Justification for Warrant
Caring for God’s creation constitutes an essential role in the service of Christians to God and His Kingdom. As God’s creation that He put in charge of the rest of creation, human beings have an integral role in God’s Kingdom as servant leaders (“Christians and the Environment”, n.d.). Human beings are the most intelligent species among God’s creation, and God chose them as His partners on earth to protect His creation and ensure its value and supportive capacity for successive generations (BBC Article, 2014). Christians’ worship of God, as the maker of all, is more complete and effective when they take care of the environment and participate actively in the work of sustaining and restoring its resources, especially because creation reflects the glory of God.
As caretakers of the environment, human beings are to apply good stewardship practices. In this context, “stewardship”, as it applies in Biblical contexts, implies servant-management and taking care of property that belongs to another person. It implies the application of wisdom, faithfulness, responsibility, problem-solving competences, and self-control, while avoiding wastage, abuse, and over-indulgence in use of the resources and other relationships with them (Bergstrom, 2014).
Description and Rebuttal of Counter-examples
Opponents of the responsibility of Christians and human beings to take care of the environment as stewards and through volunteer work, activism, and advocacy to ensure their protection, sustenance, and enhancement may argue that human beings are more important than the rest of creation. Such an argument may cite the fact that God created human beings as the most intelligent among all the created species and placed them in control of the earth. As Genesis 1: 28 records, God instructed human beings to grow in number, control (subdue) the earth, and administer over creation. The opponents would argue that human beings ought to focus on the use of resources to fulfill their needs, rather than on addressing the issues of environmental preservation. Nevertheless, this argument is unsound because God also charged human beings with the responsibility of taking care of the environment as He placed them in control of earth, as Genesis 2: 15 records. In arguing that human beings should focus only on utilizing environmental resources in the fulfillment of their needs, these opponents also ignore the fact that lack of care for the environment precipitates environmental problems that affect adversely the wellbeing of human communities (“Christians and the Environment”, n.d.). Problems such as climate change and its features, including global warming, rises in sea levels, disappearance of species through extinction and endangerment because of human beings’ exploitation, and spreading desertification relate strongly with human beings’ indiscriminate and careless exploitation of environmental resources (BBC Article, 2014).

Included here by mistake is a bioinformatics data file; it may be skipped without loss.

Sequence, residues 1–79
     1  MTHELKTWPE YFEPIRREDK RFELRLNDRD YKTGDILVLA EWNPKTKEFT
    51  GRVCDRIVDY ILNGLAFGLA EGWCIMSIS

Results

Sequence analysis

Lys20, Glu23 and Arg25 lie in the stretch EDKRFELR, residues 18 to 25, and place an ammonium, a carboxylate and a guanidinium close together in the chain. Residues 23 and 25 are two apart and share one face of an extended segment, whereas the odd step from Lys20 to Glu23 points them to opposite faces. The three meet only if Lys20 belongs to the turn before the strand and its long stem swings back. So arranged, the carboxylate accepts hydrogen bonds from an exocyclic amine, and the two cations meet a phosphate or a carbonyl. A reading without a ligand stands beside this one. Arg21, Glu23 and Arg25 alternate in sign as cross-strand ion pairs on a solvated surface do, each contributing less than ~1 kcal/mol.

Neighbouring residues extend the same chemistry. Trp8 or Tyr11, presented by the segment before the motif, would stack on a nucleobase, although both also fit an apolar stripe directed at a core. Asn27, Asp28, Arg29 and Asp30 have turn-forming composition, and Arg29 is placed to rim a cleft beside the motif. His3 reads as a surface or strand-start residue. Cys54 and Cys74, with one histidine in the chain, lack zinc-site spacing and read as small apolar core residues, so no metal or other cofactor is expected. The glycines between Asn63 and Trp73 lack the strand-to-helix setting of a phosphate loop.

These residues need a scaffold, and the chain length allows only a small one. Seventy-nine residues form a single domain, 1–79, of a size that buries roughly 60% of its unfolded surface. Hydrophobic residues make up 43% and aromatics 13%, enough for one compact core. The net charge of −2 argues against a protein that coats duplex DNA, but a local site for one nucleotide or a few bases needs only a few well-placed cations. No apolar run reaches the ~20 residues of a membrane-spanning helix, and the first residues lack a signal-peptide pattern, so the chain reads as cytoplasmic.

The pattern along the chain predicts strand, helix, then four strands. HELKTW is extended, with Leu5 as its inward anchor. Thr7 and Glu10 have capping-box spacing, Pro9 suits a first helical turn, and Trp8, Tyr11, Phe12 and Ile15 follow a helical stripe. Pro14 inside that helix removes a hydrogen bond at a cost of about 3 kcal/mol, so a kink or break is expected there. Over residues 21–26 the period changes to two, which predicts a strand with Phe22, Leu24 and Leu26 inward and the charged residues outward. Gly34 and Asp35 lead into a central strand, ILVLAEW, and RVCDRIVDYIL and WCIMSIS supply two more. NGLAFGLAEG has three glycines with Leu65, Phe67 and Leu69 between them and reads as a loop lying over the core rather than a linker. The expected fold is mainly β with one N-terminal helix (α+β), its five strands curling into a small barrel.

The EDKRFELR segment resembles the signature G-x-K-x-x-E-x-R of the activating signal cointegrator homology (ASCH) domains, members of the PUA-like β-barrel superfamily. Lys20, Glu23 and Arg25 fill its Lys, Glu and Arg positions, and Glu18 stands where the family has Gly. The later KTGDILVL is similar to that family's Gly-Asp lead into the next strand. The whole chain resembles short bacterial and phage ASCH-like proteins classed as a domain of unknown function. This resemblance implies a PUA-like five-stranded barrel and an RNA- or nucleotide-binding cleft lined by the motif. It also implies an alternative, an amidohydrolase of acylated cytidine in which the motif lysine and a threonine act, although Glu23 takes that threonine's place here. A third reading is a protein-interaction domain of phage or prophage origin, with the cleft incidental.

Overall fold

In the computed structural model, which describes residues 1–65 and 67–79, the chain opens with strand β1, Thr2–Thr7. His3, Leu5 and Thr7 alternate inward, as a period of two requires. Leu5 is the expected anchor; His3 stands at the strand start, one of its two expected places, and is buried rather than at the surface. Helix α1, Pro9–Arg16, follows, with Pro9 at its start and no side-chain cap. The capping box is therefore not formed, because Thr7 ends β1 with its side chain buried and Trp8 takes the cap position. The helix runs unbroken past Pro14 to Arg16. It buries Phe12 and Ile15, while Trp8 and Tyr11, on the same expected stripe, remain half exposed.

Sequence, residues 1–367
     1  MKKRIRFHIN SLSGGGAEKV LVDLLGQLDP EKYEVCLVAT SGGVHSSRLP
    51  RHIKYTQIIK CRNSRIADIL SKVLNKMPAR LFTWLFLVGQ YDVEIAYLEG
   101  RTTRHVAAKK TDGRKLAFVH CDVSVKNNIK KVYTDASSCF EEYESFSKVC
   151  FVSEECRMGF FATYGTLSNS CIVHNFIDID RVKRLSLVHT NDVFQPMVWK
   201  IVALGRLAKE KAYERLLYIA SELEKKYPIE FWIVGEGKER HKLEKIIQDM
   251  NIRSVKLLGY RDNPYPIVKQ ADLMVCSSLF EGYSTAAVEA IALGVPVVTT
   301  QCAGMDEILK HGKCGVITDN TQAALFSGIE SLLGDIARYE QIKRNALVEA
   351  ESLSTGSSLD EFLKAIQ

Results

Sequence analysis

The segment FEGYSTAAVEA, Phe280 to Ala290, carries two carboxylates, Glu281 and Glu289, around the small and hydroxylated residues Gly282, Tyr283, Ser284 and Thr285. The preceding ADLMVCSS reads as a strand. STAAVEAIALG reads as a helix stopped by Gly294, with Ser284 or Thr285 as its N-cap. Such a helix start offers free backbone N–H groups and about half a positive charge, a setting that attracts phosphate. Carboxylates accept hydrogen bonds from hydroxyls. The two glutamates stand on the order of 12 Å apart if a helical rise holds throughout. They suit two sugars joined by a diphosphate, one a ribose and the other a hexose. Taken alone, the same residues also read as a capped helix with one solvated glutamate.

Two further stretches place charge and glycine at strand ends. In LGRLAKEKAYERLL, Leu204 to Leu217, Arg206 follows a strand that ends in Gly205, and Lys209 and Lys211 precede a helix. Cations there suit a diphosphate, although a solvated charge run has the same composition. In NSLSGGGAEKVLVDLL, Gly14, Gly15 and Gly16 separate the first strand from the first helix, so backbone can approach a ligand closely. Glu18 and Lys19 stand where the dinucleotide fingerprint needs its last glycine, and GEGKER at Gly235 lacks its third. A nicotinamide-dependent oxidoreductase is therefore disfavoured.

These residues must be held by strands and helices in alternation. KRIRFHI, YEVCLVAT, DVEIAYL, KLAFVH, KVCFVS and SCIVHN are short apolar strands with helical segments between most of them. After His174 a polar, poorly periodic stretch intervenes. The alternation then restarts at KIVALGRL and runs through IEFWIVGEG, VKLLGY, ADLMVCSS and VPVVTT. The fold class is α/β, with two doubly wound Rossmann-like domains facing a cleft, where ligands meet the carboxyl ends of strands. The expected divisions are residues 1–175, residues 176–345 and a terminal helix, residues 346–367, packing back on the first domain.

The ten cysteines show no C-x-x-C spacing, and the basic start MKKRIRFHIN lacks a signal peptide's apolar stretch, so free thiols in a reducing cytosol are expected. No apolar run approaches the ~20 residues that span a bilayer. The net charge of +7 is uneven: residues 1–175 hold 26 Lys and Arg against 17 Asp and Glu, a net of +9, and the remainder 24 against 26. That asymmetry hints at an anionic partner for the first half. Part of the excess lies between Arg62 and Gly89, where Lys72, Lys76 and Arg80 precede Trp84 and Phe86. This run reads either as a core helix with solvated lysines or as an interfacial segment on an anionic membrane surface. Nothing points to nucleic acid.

This means that care for the environment is a responsibility for human beings to ensure their own survival and promote the welfare of their own communities. Human beings also have responsibilities to ensure the sustenance of environmental resources’ capacity to support forthcoming generations. Upcoming generations of human beings shall require quality, abundant, and productive environmental resources to fulfill their needs and promote their wellbeing. This means that the current generation has to utilize environmental resources in ways that ensure protection of their effective capacities to regenerate and remain valuable (Mensah & Castro, 2004). Without focus on taking care of the environment, humans imperil the wellbeing and existence of their own communities and future generations.